Turks to vote in Swedish election in Konya’s Kulu district
KONYA – Demirören News Agency
Thousands of Turks eligible to vote in Sweden’s upcoming elections are expected to cast their votes in the Central Anatolian province of Konya’s Kulu district, which they are visiting temporarily on holiday.
The majority of people of Turkish descent living in Sweden can trace their roots back to Kulu. The honorary consulate of Sweden in the district has set up ballot boxes to make it easy for them to garner their votes while on holiday.
The flow of migrants from Kulu to Sweden started in 1965. There are currently around 50,000 people in Sweden who have migrated from Kulu or have ancestral roots in the district. Some 20,000 of these people are eligible to vote in the Swedish elections scheduled for Sept. 9. The ballot boxes will be set up on Aug. 16 in the district.
Deputy candidates of Turkish descendent are currently running an election campaign in Kulu. Mikail Yüksel, Muharrem Demirok and Sultan Kayhan, who are were nominated as parliamentary candidates, are all from Kulu themselves.
Yüksel migrated to the Swedish city of Gothenburg in 2001 and has risen from working as a dishwasher to running for a seat in the Swedish parliament.
Thirty-six-year-old Yüksel is an active member of Sweden’s Centre Party (Centerpartiet), which is part of the country’s current coalition government.
Having worked as a taxi driver, a welder and in a pizza restaurant in Sweden, Yüksel later went back into education and studied at the Department of Political Science of the University of Gothenburg.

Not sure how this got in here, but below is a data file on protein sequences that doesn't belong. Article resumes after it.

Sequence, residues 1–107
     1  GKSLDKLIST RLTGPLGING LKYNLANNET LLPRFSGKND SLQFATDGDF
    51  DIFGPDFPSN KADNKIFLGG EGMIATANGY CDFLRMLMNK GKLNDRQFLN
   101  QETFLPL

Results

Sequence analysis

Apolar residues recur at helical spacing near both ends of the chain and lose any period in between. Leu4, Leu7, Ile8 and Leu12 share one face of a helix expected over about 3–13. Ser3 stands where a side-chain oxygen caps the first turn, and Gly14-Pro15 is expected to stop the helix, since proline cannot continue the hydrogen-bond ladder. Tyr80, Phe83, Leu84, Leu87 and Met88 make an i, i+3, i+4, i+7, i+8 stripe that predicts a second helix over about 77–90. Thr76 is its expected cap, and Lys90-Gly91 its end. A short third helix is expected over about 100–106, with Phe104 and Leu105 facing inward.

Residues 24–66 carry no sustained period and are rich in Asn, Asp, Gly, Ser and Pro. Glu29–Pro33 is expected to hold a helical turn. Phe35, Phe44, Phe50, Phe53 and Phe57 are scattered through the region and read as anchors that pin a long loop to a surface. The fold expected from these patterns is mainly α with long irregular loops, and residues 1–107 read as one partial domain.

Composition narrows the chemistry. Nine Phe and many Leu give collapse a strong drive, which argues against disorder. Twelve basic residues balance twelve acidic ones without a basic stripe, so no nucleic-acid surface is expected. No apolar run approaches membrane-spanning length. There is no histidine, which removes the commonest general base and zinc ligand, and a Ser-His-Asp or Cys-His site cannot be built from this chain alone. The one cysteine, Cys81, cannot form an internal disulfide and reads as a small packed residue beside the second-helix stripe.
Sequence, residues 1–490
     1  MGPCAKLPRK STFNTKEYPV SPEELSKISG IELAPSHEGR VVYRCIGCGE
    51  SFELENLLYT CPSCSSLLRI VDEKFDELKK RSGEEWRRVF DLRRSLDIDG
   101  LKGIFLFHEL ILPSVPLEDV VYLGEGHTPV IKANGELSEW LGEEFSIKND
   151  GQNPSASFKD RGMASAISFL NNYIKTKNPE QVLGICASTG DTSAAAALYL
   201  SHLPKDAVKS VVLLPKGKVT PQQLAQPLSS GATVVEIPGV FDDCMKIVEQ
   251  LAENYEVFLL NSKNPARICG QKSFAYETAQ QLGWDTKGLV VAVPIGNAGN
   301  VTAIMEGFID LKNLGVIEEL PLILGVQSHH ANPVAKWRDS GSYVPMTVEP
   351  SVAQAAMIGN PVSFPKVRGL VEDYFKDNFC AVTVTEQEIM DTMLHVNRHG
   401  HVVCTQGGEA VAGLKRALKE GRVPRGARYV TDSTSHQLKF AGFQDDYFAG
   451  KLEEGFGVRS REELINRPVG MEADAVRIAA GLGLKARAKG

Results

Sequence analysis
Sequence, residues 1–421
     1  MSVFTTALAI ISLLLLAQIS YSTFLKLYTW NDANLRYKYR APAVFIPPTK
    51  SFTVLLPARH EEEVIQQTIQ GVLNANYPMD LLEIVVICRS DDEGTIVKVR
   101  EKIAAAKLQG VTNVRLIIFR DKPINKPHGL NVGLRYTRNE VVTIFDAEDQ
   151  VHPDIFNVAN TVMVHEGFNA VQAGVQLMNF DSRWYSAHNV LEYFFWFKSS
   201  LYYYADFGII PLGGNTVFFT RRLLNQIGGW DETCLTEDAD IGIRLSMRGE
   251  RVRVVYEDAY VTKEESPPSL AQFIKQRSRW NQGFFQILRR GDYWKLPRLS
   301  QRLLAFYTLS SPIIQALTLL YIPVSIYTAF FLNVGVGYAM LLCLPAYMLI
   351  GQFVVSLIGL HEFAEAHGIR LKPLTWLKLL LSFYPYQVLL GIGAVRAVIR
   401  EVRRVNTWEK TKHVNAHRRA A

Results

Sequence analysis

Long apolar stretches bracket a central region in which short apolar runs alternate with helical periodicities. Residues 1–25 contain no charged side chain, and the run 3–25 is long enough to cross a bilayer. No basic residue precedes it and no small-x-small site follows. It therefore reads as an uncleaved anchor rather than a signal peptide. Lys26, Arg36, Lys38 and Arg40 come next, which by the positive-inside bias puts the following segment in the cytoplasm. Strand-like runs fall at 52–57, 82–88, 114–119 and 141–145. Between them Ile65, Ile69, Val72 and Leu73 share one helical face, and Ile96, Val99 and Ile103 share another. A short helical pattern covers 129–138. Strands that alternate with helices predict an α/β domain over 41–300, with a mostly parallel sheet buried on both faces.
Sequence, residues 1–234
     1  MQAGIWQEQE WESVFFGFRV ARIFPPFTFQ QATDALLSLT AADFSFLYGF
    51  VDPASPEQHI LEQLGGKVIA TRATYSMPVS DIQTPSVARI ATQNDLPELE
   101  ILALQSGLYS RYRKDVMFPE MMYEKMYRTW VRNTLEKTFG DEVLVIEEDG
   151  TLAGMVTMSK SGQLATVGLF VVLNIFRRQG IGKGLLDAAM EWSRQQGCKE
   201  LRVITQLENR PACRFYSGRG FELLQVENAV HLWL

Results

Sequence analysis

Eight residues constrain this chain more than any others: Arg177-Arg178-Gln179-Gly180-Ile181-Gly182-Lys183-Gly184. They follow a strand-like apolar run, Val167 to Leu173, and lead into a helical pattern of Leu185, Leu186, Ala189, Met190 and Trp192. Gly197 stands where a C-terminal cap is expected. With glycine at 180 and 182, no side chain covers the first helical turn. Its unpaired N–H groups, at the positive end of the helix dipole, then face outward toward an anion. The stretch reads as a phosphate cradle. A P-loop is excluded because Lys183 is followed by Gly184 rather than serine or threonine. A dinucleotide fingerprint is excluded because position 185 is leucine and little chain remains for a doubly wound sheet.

“I became aware that the events happening in Sweden, developments are affecting us [Turkey] directly; this is why I decided we [Turks] need to have an active role in Swedish politics,” Yüksel said.
“We have an honorary consulate in Kulu and the ballot boxes will be set up there. This situation shows the importance given to both democratic rights usage as well as to Kulu itself. The turnout of Turkish voters in elections is around 15 percent, but if Turks go to the ballot box and the turnout increases to 90 percent, the destiny of all of our Turkish citizens, especially those from Kulu, may change,” he said.
The parliamentary candidate has also said Swedish citizens of Turkish origin were more interested in the Turkish elections.
“If the same interest was shown in the Swedish elections, Turks’ rights and lives would change there in a better way,” said Yüksel.
He noted the low university attendance level as well as high unemployment rate among migrants in Sweden and vowed to make an effort to end these problems.
Kulu Mayor Ahmet Yıldız has similarly urged Swedish citizens of Turkish origin to go the polls.
“Our district is a democratic place, it is open to every kind of political initiative. We are very tolerant people. I want my fellow townspeople to go into politics and to be active in bureaucracy as well. We should also be active in industry and commerce areas. I support all of our townspeople in politics. The Swedish state also gives importance to Kulu,” Yıldız said.